Francis Durbridge is the creator of Paul Temple and the master of radio drama, to me the most transporting and transformative entertainment. We witness Paul and Steve tottering into wobbly dinghies, standing safely back from blazing vehicles and discovering ransacked rooms or bludgeoned corpses, with only our ears to give us eyes.The characters are vivid, not mannequins carried on when Paul needs someone to interrogate. They have plans, ideas and affections that live off speaker, so on speaker their behavior is always realistic and often enigmatic.
Durbridge excels at exposition, in any episode you will be brought up to date on the intricate plot by the natural dialogue which characterizes the show and which flows best with Peter Coke, Marjorie Westbury, James Beatty and other cast regulars. The rhythm of their speech feels spontaneous, interactive.
Episode for episode it can match “24” for plot twists and significant characters slain. Like Jack, Paul has a high-handed disregard for authority. Jack snaps people’s fingers askew and bosses surgeons about at gunpoint. Paul withholds evidence and meets up with known suspects. Just as Jack will bunt a computer programmer aside to more effectively work on a laptop, Paul knows more about everything than anyone.
(Don’t start with “Paul Temple Intervenes” an early effort, disjointed and dated)
The children are playing “Paul Temple” complete with episode breaks and previously’s.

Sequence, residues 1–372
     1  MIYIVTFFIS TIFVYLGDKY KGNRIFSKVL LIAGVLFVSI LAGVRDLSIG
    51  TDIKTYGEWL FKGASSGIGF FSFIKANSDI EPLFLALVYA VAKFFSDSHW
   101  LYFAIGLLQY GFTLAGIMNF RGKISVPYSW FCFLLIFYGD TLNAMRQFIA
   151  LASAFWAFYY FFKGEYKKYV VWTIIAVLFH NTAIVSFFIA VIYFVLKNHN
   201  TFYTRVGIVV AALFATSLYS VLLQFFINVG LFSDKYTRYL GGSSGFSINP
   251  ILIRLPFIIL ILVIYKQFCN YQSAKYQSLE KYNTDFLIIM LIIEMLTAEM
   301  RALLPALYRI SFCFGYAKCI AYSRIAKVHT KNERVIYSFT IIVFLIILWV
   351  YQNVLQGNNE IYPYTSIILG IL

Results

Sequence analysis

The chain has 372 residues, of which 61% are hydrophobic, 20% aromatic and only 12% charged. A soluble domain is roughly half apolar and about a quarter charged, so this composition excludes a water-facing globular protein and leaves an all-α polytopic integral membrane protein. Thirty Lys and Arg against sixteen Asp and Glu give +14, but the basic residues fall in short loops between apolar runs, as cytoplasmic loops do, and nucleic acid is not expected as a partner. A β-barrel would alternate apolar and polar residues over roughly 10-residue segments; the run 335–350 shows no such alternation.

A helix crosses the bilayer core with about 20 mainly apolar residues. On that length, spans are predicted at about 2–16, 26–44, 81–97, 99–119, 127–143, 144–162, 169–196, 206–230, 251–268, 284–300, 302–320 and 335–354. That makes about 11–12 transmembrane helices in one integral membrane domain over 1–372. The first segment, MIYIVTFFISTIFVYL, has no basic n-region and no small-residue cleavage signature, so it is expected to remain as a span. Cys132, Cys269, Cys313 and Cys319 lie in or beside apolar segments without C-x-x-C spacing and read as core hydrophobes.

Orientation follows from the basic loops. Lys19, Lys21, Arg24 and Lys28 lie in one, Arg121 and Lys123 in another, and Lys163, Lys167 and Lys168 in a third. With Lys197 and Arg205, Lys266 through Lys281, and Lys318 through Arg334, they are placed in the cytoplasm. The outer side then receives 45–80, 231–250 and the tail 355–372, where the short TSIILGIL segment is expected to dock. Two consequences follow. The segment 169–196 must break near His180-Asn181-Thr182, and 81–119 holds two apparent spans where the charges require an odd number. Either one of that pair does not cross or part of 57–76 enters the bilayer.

C (age 11): Charlie, bring me a dry martini!
J (age 4): Here you are, careful it’s very hot.
I’ve just started on ” The French” by Theodore Zeldin. I am enjoying it, but it is 500 plus densely printed pages so I’m telling you about it now, in case I stumble and fall on that long walk to Paris (don’t pronounce that ‘s’).
The first page or two is filled with quotes from great minds testifying how funny and insightful they found the book. This doesn’t surprise me as I recently heard Teddy (I would call him that to his face) on Radio 4. “New Conversation” was about who we talk to and how we talk to them. Teddy says a preoccupation with finding a soulmate is disastrous, as it doubles our imperfections. We need communities of difference, different jobs, different family situations, different ages, different races. If we learn how to deal with people who are different, we can absorb something from them and become more than we were previously. He advocates ‘serious conversation’, rather than exchanging superficial information with many, really engage with few, perhaps just one. Truly try to understand them, what they want from life, how they cope with difficulties, what they think about the world we live in.
This way of interacting has many applications ( from IKEA staff to doctors) but the programme dwells on a project Teddy is running in Lewisham. Most interesting is how we feel that if something needs to be changed, we need to have a big meeting, and all debate it together. One man in Lewisham, Cedric, is very skeptical when Theodore (I can’t maintain that level of frivolousness) says they will spend the next hour or two just talking to one other person. But afterwards Cedric says he found it fascinating (to his surprise they didn’t talk about what they ‘did’).
To me it seems a type of modesty. To not spread ourselves too thinly, bolstering our self esteem by the numbers of people we know. To understand that people who seem far removed from our circle can teach us a lot.